The new Google Pay app

Source: Joe Maring / Android Central (Image credit: Source: Joe Maring / Android Central)

And, finally, we have the Explore page. This is where you can find cashback offers that are either available online or can be linked to your credit/debit cards, but similar to Insights, it feels like a worse offering of what you can get with other apps.

The offers themselves are...fine. You can get 1.5% cashback on PetSmart and 2.5% on Macy's, but it doesn't take long to find better deals elsewhere. Looking at my preferred cashback app, Rakuten, I can score 4% cashback on in-store PetSmart purchases and a whopping 10% if I shop online. Rakuten has a better offer for Macy's, too, advertising up to 6% cashback for most departments.

The retailers currently available with these Google Pay offers also leave a lot to be desired. Many of them are niche brands such as Porsche Design and Johnston & Murphy, whereas I can hop on Rakuten and get deals from Walmart, eBay, Target, Overstock, Groupon, and countless others. And that's not to mention the layout of the Explore page, which is just a vertically-scrolling list of available deals with a confusing search function and poor categorization.

The new Google Pay app

Source: Joe Maring / Android Central (Image credit: Source: Joe Maring / Android Central)

All of this results in me not enjoying the new Google Pay as much as I did the previous version, but I can see a future in which this becomes one of Google's killer apps. If more personal finance tools are added, Google can onboard more brands for better cashback offers, and some of the app's design quirks can be corrected, Google Pay could be the one-stop-shop for all things money and finance. The problem right now, though, is that we're very much not there yet.

Like a lot of things Google launches, Google Pay feels like it's barely a finished product. There are a lot of exciting ideas here, but we've yet to see them truly fleshed out. I really hope Google Pay is as big for Google as Google Photos is today, but we're going to need a few more updates before we reach that point.

If and when we do, though, it could be pretty magical.

Joe Maring was a Senior Editor for Android Central between 2017 and 2021. You can reach him on Twitter at @JoeMaring1.

  • I don't care for the new app after installing and looking around it's not visually appealing or functional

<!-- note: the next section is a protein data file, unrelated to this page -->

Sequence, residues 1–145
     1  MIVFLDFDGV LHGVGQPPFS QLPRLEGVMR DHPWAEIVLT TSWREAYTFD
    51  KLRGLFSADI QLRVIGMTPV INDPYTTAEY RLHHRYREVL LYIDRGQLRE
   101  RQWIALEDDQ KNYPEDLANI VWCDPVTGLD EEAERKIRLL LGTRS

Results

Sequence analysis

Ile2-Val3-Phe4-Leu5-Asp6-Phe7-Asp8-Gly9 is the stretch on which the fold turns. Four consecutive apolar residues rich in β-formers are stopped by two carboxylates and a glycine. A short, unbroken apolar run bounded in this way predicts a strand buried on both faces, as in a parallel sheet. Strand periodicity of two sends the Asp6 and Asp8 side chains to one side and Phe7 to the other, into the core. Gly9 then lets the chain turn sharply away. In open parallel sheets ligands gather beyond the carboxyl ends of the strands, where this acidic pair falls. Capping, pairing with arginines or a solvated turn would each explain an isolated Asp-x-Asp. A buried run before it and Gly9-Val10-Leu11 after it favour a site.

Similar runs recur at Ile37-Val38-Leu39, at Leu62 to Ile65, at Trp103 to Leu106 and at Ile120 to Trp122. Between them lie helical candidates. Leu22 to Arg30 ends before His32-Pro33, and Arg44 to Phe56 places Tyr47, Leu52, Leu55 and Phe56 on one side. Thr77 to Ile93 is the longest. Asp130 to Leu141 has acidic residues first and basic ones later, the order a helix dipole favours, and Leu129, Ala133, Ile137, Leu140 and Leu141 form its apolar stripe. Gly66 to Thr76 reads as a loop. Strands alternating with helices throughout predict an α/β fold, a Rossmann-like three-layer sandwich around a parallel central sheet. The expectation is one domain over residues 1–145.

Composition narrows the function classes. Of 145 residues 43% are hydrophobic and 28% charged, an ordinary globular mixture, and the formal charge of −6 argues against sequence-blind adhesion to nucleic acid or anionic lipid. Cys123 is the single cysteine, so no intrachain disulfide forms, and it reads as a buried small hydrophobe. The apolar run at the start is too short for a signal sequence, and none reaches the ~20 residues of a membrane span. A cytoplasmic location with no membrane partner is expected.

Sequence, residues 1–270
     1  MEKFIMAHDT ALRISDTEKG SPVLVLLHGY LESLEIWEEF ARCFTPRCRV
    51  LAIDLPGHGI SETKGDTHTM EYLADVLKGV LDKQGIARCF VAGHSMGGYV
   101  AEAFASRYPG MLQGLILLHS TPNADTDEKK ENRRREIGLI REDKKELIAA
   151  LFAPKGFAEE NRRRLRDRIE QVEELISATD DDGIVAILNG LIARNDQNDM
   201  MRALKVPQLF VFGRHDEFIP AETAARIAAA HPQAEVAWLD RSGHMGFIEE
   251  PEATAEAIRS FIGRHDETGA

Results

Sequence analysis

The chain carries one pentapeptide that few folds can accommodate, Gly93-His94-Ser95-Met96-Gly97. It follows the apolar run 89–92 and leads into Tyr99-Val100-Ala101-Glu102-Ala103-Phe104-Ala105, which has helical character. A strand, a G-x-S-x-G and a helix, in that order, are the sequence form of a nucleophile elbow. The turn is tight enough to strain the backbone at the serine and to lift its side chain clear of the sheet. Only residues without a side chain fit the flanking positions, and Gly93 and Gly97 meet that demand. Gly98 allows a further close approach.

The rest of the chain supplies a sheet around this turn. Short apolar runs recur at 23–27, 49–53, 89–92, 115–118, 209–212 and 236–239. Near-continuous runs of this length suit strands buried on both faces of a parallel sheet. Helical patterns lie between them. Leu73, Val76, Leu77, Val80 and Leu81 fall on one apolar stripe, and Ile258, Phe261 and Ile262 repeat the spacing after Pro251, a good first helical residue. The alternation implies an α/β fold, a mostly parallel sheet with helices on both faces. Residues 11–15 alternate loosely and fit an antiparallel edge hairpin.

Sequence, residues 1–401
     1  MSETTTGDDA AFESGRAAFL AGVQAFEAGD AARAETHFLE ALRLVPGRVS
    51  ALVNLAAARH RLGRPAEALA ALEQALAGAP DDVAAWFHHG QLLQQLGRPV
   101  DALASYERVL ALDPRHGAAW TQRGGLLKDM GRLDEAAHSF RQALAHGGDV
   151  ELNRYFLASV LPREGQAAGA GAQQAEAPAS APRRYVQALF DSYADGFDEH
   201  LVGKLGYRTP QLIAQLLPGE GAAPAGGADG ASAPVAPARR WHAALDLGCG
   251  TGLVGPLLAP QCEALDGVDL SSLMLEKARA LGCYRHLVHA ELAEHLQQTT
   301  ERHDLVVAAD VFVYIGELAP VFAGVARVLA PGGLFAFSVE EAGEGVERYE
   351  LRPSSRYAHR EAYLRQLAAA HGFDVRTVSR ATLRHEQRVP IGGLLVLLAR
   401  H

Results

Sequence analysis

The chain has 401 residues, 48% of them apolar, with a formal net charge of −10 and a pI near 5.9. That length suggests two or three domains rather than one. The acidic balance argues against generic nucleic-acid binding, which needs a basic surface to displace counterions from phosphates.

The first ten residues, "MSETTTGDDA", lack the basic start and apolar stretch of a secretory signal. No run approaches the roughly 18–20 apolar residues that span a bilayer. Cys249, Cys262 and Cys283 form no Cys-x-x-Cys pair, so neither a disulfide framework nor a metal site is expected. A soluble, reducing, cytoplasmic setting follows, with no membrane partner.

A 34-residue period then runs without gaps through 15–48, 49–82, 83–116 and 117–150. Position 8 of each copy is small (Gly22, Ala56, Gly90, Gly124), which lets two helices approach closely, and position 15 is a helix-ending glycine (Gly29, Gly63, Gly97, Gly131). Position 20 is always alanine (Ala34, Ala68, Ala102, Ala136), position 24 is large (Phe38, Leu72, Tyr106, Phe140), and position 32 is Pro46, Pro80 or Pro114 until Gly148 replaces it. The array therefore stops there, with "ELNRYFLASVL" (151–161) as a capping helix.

• There is one very major issue with this new Google Pay -
    unlike previous version and unlike all the apps this is suppose to replace, this new Google Pay does NOT work with Workspaces accounts. Accounts that have been supporting Google for years and years. I have my domain with Google Apps since there were strictly free, over 10 years, and also have been paying monthly to Google for extra support and services, however Google treats its most loyal customers as dirt and doesn't support us. We still cannot use Family Sharing functions, Family Link, Home devices, and the list now expanded to Google Pay that used to work just fine before this update.
  • When I go to the discover page it doesn't show me rewards offers and I'm signed up for it and earned a few rewards dollars already. I don't like that it's missing the feature from the old app that showed u stores nearby where u can use google pay
  • Totally agree on GUI (way too much unused space and not many filter/sort options) but at the same time disagree on functionality. I think it's awesome in this regard.
    Thing is, the main reason Google released this (what I'd call an early Beta) is to collect feedback and criticism. I already sent them bunch of feedbacks and if you don't like something, say something.
  • I love how it's giving rewards every time you tap to pay. That was the one thing I missed most about Samsung Pay when I switched over to the Pixel.
  • Google Pay sending money to friends is another USA only feature.
  • There are ways already in the UK to send money to friends.
    Myself if they are close friends I just send it via bank transfer, i have even used Paypal in the past.